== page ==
By Marian Moser Jones
The Johns Hopkins University Press, $39.95, 375 pages
This scholarly volume was not meant to be light bedtime reading, and it isn’t. The American Red Cross, the result of a monumental research project by Marian Moser Jones, outlines the chronology of the American Red Cross between the years of its foundation by Clara Barton in 1881 and the years leading up to World War II.
“The present volume offers not a comprehensive history of the American Red Cross, but rather a thorough analysis of the organization’s origins, principles, and practices in the disaster and humanitarian relief arena.”
The writing is scholarly and, while very readable, clearly intended for historians and those interested in the early years of the American Red Cross. Others may find the text dry and overloaded with detail. For anyone interested in finding specific information, the extensive index helps. Even the 10-page introduction is too extensive, too detailed. This is followed by a painstakingly exhaustive chronology from the birth of Clara Barton in 1821 up to 2011. Sixteen historic black-and-white illustrations in two sets break up the otherwise continuous text. More illustrations interspersed within the text would have been helpful.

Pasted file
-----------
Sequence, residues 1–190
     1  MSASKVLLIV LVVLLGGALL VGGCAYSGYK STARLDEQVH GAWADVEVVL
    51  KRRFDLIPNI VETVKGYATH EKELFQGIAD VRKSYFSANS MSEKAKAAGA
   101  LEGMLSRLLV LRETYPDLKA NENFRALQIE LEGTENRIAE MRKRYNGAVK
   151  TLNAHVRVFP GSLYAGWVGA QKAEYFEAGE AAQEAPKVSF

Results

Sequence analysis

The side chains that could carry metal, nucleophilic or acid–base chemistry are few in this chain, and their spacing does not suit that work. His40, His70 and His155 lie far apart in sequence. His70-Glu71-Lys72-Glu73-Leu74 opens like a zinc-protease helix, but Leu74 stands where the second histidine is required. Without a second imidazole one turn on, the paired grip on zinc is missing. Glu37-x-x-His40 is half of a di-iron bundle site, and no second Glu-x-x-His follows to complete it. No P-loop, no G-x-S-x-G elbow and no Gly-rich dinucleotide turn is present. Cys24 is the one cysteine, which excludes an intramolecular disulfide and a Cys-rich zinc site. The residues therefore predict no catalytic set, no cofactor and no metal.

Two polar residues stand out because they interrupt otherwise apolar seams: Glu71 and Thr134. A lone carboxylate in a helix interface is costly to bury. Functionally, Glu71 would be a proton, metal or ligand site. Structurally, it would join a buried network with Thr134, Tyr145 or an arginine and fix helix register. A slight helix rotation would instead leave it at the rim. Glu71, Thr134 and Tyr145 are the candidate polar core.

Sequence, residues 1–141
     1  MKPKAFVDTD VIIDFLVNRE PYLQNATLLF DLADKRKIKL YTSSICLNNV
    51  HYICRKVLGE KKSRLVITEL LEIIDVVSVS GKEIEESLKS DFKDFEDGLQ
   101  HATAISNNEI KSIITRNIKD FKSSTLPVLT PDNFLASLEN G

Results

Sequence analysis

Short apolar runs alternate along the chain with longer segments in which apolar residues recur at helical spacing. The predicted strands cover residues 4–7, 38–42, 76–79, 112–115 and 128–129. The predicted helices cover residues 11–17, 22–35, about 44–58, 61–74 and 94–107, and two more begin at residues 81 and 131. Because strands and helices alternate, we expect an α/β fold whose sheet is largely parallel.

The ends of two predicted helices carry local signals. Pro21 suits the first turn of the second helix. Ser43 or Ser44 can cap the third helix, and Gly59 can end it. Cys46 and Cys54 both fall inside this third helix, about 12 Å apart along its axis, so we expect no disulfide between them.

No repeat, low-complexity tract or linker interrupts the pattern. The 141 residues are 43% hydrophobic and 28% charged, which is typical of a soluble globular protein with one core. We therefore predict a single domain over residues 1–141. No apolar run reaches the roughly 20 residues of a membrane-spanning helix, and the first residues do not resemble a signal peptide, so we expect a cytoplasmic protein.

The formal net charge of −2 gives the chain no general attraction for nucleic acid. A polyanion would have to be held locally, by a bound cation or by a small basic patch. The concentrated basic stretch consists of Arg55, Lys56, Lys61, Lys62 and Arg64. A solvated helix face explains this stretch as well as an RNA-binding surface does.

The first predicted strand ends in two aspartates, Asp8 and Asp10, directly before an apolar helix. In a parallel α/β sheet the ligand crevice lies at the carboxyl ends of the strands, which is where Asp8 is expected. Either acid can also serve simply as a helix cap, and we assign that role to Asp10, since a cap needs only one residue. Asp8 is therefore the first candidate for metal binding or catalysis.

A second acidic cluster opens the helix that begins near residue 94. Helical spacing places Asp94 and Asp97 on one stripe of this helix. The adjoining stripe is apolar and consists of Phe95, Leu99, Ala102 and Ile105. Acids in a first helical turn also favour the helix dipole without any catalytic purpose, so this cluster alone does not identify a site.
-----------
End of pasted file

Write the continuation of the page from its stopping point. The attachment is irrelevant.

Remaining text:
The book is divided into three sections: The Barton Era, The Boardman Era and Between the Wars. A 26-page epilogue provides details from after World War II to 2012. Numerous subscripts refer to a huge list of references in the 72-page notes section.
Reviewed by George Erdosh